In a series later dubbed "Wall Houses", Craig Ellwood & Associates continued with the spirit of Arts & Architecture's Case Study House Program. Of the eight designs only four were built including the Anderson, Bobertz and Steinman Residences as well as Case Study House #17. For the first time since it was built in 1956, the Howard Steinman Residence is up for sale in Malibu. Having visited the site and spent afternoons with the original owner (who worked closely with Ellwood on the design), I have to say it's one helluva place to call home. Check it out here.
Modern Kentucky! Finally there is interest in the late Lexington architect Richard Isenhour and Louisvillian Norman Sweet - both were influenced by Wright, the International Style, and their contemporaries - California modernists of the 1950s and '60s. One of the owners of an Isenhour home is working on a book The Modern House -- Kentucky to be published in about six months. Read more here.
Saturday, November 3
ReadExpress.com asks the question “Which D.C. Building Deserves to Be Demolished?” And of all the buildings in the District, the site offers up the following sites for sacrifice. Let it be known that I feel creating such a list is flawed from the start: The landmarked Brutalist face of the Third Church of Christ Scientist (I.M. Pei, 1971); The landmarked Mies Van der Rohe designed Martin Luther King Jr. Memorial Library; Marcel Breuer’s Department of Housing and Urban Development (1968); As well as the headquarters for the Department of Housing and Urban Development (later renamed The Hubert H. Humphrey Building) also by Breuer are on the list.
Architect James M. Alexander Jr. has died. After obtaining his bachelor's degree in 1943, James was drafted into the Army during World War II. After the War he moved to New York City for his first job, with Raymond Loewy. Soon thereafter he became assistant professor of architecture at the University of Cincinnati in 1947. Helping create the industrial design department Alexander served as its chair from 1948 until 1976. All the while Mr. Alexander also ran an architecture practice for 40 years. Alexander died Oct. 23 in the home he designed (among the 140 he is credited with), built and lived in for more than 55 years.
Preservationists hope that having some of the best examples of modern architecture open to the public will promote an appreciation for the style. "They're not Georgian or Beaux-Arts, so people don't realize their importance in many cases," said Henry Ng, executive vice president of the World Monuments Fund, which started a "Modernism at Risk" project to raise awareness and recognize preservation efforts dedicated to 20th Century buildings. Read more here.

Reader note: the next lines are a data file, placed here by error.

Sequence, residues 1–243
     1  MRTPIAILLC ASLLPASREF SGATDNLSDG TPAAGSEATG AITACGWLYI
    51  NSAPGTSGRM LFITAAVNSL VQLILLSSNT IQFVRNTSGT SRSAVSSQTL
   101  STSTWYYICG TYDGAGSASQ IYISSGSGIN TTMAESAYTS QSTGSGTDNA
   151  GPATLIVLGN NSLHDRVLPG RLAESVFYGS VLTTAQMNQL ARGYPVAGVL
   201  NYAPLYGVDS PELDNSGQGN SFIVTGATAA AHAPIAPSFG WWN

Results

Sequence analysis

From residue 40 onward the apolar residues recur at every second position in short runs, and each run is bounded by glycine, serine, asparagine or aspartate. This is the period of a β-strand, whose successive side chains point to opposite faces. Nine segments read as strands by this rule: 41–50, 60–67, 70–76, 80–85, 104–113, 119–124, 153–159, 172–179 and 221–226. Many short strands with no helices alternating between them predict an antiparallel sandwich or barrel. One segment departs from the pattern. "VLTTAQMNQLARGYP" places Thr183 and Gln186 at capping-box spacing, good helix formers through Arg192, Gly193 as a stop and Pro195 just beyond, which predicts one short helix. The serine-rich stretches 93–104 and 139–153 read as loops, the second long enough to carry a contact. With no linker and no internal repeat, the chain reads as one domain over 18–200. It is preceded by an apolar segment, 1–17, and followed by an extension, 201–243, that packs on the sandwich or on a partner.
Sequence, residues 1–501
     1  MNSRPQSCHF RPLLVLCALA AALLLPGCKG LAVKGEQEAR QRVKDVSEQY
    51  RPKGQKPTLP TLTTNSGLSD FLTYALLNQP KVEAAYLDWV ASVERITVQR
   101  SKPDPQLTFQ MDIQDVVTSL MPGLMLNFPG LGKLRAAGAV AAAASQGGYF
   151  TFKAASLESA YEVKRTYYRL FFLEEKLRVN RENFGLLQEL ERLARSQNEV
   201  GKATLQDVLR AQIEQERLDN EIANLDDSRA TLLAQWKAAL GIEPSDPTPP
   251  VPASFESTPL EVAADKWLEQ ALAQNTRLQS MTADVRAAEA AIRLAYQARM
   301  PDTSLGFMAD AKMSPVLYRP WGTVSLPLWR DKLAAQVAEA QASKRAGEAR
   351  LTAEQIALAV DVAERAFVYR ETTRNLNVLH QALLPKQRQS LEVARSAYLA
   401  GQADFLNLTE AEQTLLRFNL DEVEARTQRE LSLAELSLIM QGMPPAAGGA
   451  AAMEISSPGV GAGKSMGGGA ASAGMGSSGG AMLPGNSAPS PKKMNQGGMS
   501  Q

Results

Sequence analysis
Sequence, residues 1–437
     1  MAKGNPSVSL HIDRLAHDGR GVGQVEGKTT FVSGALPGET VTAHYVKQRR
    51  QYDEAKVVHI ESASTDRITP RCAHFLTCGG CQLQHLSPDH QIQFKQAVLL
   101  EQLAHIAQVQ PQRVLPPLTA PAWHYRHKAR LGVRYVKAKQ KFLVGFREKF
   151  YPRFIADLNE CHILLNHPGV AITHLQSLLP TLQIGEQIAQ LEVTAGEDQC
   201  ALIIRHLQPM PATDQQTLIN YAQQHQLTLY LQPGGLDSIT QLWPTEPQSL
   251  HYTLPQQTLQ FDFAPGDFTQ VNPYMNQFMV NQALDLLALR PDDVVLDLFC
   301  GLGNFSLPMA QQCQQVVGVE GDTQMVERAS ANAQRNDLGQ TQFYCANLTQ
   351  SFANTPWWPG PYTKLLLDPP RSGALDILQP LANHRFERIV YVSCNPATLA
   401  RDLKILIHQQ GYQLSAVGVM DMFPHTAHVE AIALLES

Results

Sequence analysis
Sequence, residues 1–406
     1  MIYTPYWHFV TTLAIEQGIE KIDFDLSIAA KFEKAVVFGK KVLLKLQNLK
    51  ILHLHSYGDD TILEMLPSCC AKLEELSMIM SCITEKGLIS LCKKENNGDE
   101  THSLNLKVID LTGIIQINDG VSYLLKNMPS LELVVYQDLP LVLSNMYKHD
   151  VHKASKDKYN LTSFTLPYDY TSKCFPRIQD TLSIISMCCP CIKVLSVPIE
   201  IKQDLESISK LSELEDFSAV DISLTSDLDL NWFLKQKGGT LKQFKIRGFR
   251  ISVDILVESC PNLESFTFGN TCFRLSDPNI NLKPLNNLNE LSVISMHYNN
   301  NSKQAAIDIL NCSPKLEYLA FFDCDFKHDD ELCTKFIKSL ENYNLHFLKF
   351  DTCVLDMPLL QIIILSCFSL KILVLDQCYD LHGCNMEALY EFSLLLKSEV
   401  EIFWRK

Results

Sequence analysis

Friday, November 2
Tonight at 7PM join us for Nature: Objectified.
At last week’s “Women in Modernism: Making Places in Architecture” conference, Gwendolyn Wright, host of PBS' "History Detectives," offered her insight in a keynote address. The conference’s goal was to re-contextualize the role that women played in modernism. Did you know Lilly Reich co-designed the Barcelona chair, usually attributed solely to Mies van der Rohe? Or that Catherine Bauer was as an early hero of social housing who co-authored the Housing Act of 1937? What about Katherine Mock? Who as head of MoMA’s Department of Architecture from (1942-6) organized an exhibit in entitled Built in USA: 1932-1944 that expanded on Philip Johnson’s 1932 “International Style” exhibit. Read more here.
Julius Shulman, at 97, is still working. Shulman’s 1960 photograph of Pierre Koenig's steel and glass Case Study House #22 with two women inside engaged in conversation, puts them floating above Los Angeles at night. "That picture has been published more than any known photograph ever in the history of architectural photography," said Julius Shulman. Read more here.
Thursday, November 1
Richard Neutra’s Kaufmann House (above photo) has twice been at the vanguard of new movements in architecture — helping to shape postwar Modernism and later, as a result of a painstaking restoration in the mid-1990s, spurring a revived interest in mid-20th-century homes. Now the divoricing homeowners who undertook that restoration hope Kaufmann will play a role in a third movement: promoting architecture as a collectible art worthy of the same consideration as painting and sculpture. The current owners plan to auction the Edgar Kaufmann Sr.'s (yes, the same client as Wright's Fallingwater in Pennsylvania) at Christie’s in May. The price? A presale estimate of $15 million to $25 million. Read the full article here.
Warren Platner’s Kent Memorial Library in Suffield, Connecticut is threatened with demolition. Those smarter than the town council are weighing in. While the building is showing its age; is overcrowded and its roof leaks, Suffield officials have determined that a new structure was "the most cost-efficient and beneficial for the town." Read more here.